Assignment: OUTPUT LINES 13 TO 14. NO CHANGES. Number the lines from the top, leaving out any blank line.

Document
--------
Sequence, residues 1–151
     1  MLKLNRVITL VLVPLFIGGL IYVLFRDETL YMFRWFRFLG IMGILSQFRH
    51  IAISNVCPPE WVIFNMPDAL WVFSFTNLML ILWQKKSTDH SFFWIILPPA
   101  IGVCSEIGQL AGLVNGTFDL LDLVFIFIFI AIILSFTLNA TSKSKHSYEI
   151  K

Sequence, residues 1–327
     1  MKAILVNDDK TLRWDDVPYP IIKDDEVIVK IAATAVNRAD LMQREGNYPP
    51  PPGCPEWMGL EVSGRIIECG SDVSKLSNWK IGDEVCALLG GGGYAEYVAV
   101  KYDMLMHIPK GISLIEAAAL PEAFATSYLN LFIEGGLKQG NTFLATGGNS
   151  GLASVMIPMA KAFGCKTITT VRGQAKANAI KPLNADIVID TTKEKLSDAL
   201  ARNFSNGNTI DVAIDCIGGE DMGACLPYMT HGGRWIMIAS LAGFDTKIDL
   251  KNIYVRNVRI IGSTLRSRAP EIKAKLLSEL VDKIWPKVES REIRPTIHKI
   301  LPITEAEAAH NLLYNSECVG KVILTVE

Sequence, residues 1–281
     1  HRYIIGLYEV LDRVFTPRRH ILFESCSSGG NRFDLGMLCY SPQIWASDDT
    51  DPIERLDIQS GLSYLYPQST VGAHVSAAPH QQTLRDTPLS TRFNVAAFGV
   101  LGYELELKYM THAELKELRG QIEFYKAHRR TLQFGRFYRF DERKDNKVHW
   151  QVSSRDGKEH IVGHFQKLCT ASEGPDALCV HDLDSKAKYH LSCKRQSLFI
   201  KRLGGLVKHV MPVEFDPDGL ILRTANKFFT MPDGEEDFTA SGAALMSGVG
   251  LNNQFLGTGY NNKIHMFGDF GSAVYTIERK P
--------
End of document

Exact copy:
   301  LPITEAEAAH NLLYNSECVG KVILTVE

Sequence, residues 1–281